Digital ID Aims to Simplify Brits’ Use of Public Services

UK ID Legislation Promises Improved Data Sharing

The United Kingdom is preparing legislation to help people prove their identity online.

In a draft legislation to support identity verification published this month, the government outlined its goal to improve online identity verification and enable better data sharing between public agencies — a move that it said will make it easier for people to use digital public services.

“The data sharing would provide … specified public authorities with the ability to share data for the purposes of identity verification for the benefit of individuals and households,” the report stated.

Public entities that will be able to participate in this data-sharing scheme will include national bodies like the Department for Work and Pensions and Her Majesty’s Revenue and Customs, as well as local and regional councils.

All data shared under the proposed objective will be included in the register of information-sharing agreements established under the Digital Economy Act, which provides much of the current regulatory framework for data sharing between government agencies.

The planned legislation is also intended to unlock the full benefits of a new government identity verification system, known as One Login.

Currently, health and adult social care bodies are not included in the scope of the Digital Economy Act’s data-sharing provisions, an exemption that the recent proposal indicated will be carried forward in any new legislation.

Also under the new proposal, public authorities will be able to process the minimum number of data items necessary for verifying an individual’s identity. These may include their full name, date of birth, home address, passport or driver’s license number, and photographic identification.

Digital IDs in the UK and EU

Whereas in some countries the challenge of creating digital IDs essentially boils down to transposing physical ID documents into the digital sphere, the U.K. doesn’t have a nationwide ID card scheme or any equivalent to Social Security numbers.

Instead, a patchwork of different identification regimes is in operation, spanning tax, passports, healthcare and education, among others.

And while the proposed legislation is about enabling better inter-agency communication, it sits in parallel with the government’s efforts to create a single digital identity people can use to verify themselves online in different situations.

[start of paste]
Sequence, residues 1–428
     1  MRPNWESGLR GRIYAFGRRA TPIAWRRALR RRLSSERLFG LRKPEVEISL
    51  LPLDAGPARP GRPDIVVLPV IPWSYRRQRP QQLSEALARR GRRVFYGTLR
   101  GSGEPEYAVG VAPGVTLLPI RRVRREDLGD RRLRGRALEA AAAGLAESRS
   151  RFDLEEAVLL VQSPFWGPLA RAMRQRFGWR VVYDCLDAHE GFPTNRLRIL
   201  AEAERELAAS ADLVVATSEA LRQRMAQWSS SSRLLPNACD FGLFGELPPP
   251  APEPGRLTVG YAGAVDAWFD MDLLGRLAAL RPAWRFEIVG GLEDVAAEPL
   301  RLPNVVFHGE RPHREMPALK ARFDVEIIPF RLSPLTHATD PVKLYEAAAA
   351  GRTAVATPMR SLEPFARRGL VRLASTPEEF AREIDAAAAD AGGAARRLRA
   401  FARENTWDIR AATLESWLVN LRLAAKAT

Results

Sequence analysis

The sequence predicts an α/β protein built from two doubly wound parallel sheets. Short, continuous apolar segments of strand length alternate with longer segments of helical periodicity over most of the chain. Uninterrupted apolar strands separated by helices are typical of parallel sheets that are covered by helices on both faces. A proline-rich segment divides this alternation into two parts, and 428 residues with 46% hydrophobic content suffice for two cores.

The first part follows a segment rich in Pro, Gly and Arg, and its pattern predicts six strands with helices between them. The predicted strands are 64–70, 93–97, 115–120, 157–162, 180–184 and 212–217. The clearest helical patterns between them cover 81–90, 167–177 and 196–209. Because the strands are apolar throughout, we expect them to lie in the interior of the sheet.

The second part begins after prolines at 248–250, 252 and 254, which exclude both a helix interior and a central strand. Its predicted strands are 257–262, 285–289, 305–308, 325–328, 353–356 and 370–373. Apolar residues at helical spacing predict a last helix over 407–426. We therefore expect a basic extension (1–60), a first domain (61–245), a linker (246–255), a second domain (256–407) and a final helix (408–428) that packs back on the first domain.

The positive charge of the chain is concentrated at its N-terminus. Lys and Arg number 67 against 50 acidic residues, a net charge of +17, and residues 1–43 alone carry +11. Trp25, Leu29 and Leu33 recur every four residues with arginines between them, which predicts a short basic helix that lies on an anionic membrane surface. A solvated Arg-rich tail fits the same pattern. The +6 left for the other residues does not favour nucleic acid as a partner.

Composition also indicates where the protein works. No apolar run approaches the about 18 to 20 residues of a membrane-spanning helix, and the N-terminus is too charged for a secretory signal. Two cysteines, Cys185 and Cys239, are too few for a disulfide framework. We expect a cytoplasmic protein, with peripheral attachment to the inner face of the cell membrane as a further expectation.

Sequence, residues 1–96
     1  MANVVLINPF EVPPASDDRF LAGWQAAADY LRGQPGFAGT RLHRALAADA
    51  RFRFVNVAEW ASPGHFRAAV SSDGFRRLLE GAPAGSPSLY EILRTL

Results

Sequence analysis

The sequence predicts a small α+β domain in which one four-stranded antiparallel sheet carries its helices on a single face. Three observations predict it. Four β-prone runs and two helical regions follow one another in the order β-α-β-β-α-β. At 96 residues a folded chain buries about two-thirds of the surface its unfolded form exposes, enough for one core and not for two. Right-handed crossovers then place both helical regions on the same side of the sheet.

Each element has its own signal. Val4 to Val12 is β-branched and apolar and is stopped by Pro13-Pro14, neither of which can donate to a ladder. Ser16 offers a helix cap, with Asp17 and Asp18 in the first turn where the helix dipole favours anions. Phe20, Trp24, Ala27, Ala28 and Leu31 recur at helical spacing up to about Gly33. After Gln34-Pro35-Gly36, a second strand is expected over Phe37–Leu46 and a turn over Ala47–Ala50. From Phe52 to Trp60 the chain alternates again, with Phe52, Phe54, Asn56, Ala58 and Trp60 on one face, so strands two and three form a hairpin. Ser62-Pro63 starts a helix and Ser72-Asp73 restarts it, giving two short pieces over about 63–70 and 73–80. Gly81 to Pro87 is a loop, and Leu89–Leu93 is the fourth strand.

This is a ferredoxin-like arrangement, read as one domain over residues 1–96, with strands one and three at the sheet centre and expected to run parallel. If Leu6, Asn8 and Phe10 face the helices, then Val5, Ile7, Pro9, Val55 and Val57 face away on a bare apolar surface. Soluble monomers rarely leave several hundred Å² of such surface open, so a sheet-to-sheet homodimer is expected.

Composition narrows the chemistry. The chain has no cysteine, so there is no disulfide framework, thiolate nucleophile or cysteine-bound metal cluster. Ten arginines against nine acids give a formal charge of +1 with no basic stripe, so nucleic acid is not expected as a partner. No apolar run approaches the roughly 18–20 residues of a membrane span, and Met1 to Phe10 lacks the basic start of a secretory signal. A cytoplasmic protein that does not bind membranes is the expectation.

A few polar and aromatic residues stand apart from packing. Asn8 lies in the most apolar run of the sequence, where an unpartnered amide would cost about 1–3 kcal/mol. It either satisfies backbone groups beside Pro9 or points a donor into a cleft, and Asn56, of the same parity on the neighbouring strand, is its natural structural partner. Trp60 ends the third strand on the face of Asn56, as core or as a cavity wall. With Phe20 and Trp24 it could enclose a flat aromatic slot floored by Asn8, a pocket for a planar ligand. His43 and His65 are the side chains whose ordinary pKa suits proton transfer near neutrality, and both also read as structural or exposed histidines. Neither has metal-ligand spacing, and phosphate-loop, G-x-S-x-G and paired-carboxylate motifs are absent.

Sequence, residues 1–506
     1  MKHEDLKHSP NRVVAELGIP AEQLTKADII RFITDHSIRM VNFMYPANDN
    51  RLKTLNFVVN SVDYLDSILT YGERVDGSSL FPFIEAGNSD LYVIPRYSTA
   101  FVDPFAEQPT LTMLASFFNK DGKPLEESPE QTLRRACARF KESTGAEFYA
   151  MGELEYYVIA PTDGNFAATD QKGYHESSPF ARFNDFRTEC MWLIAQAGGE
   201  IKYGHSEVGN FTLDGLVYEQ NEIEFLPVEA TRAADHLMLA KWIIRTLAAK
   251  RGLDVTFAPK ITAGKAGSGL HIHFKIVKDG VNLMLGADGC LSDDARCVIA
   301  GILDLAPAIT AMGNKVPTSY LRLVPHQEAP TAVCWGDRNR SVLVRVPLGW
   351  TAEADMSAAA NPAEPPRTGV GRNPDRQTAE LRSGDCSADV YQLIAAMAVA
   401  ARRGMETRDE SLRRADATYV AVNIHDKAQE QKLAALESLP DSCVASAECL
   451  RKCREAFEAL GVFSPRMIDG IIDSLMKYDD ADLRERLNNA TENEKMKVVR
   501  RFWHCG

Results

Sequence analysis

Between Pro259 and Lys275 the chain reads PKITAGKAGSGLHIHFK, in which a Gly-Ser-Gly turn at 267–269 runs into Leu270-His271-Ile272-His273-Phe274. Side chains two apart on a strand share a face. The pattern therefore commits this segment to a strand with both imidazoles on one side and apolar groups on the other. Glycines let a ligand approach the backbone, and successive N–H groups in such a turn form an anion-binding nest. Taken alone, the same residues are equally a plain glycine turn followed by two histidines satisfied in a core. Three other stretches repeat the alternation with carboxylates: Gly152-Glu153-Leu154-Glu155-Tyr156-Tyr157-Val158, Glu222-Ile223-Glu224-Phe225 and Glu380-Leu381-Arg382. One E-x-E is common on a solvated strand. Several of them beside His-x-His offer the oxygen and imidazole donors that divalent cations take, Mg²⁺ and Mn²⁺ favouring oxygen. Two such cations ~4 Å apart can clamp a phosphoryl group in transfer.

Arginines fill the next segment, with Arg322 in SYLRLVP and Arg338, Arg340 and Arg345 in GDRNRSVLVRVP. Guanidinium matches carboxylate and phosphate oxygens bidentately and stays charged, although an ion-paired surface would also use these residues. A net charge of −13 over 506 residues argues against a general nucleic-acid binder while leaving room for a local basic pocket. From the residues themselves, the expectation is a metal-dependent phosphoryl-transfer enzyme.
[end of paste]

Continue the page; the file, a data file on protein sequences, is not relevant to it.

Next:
Separately from the One Login, the government is also legislating to enable the use of trusted digital identities in the private sector under Part 2 of the Data Protection and Digital Information Bill.

Where the anticipated new data-sharing regulations are intended to ease some of the friction this creates in relationships between individuals and the state, the Data Protection and Digital Information Bill is geared toward interactions between individuals and private businesses.

As the government outlined in a policy paper explaining the anticipated digital ID framework which is currently being prototyped, any such scheme will be opt-in, with individuals and organizations allowed to specify the specific types of information included in digital identification services.

Unlike the EU’s proposed eID wallet which is being designed to create interoperability between digital ID systems among member states, the U.K.’s approach is to focus on allowing digital identification service providers to create their own solutions within a specific trust framework.

However, both projects are aimed at making it easier to prove identity without relying on physical documentation while empowering individuals to maintain better control over their data.

In Europe, for example, Findynet, a Finland-based identity network, is building on the legacy of the bank-led TUPAS eID system and will first focus on use cases in the financial services sector before eventually targeting broader applicability in the future.

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